A copy of the complaint, seen by Reuters, claims that Google and the adtech industry is committing "wide-scale and systemic breaches of the data protection regime" through the way they place personalized ads. This happens through a process called "real-time bidding," which takes place through two main channels, OpenRTB and Authorised Buyers -- the latter is run by Google. Brave argues that these platforms gather and broadcast more personal data than can be justified for advertising purposes, and that it can include sensitive information on sexuality, ethnicity and political beliefs, thus violating GDPR's requirements that personal data is properly secured.
GDPR is the first data privacy legislation to involve significant fines for serious violations -- up to four percent of a company's global turnover. So if the regulator were to rule against Google, the company would be hit with (another) pretty heavy charge. More importantly, however, such a ruling could completely undermine the data-driven model that the online ad industry is built on. Speaking to Reuters, Ravi Naik, a partner at ITN Solicitors in London, which is representing the plaintiffs, said the outcome "is likely to have far reaching and dramatic consequences, which may change our fundamental relationship with the internet." Brave, which blocks the use of trackers on web pages, has made doubly clear its position on Google's data use by subsequently dropping the search engine for its rival Qwant in France and Germany.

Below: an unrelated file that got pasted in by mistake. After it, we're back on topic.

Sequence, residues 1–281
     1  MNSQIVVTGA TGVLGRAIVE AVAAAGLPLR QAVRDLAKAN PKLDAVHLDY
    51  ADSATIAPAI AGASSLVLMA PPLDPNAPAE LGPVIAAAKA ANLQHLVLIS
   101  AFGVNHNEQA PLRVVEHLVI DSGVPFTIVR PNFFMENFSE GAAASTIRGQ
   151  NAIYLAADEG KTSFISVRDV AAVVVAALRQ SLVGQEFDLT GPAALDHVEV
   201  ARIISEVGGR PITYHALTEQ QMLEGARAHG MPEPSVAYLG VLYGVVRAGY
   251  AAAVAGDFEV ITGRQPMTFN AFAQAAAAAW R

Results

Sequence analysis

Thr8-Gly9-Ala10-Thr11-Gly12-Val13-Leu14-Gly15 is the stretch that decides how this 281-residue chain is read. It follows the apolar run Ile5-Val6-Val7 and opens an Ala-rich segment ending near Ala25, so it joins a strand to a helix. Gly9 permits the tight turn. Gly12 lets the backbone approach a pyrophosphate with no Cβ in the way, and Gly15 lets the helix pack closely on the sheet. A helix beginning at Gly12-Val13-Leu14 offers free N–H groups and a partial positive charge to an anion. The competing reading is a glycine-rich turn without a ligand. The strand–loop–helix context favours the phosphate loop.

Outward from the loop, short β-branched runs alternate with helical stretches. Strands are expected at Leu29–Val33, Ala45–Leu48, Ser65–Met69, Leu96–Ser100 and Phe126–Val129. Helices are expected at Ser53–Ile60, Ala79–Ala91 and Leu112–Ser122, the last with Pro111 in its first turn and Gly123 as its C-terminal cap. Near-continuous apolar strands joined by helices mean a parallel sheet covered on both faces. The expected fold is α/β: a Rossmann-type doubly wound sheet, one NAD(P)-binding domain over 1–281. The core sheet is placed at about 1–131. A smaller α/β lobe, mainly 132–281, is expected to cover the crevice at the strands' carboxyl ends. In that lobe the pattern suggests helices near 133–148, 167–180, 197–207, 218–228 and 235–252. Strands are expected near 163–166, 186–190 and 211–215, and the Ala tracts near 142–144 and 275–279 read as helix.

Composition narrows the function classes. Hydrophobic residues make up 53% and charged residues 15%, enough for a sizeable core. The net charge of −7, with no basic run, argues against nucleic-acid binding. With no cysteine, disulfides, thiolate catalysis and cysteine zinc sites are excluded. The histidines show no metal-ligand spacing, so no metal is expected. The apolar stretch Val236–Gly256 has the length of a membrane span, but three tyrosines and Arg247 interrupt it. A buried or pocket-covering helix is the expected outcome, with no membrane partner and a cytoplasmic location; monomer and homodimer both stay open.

Update 9/13/18 09:58 ET: This post has been updated to indicate that the complaint has been made against all adtech companies that broadcast personal data, not just Google.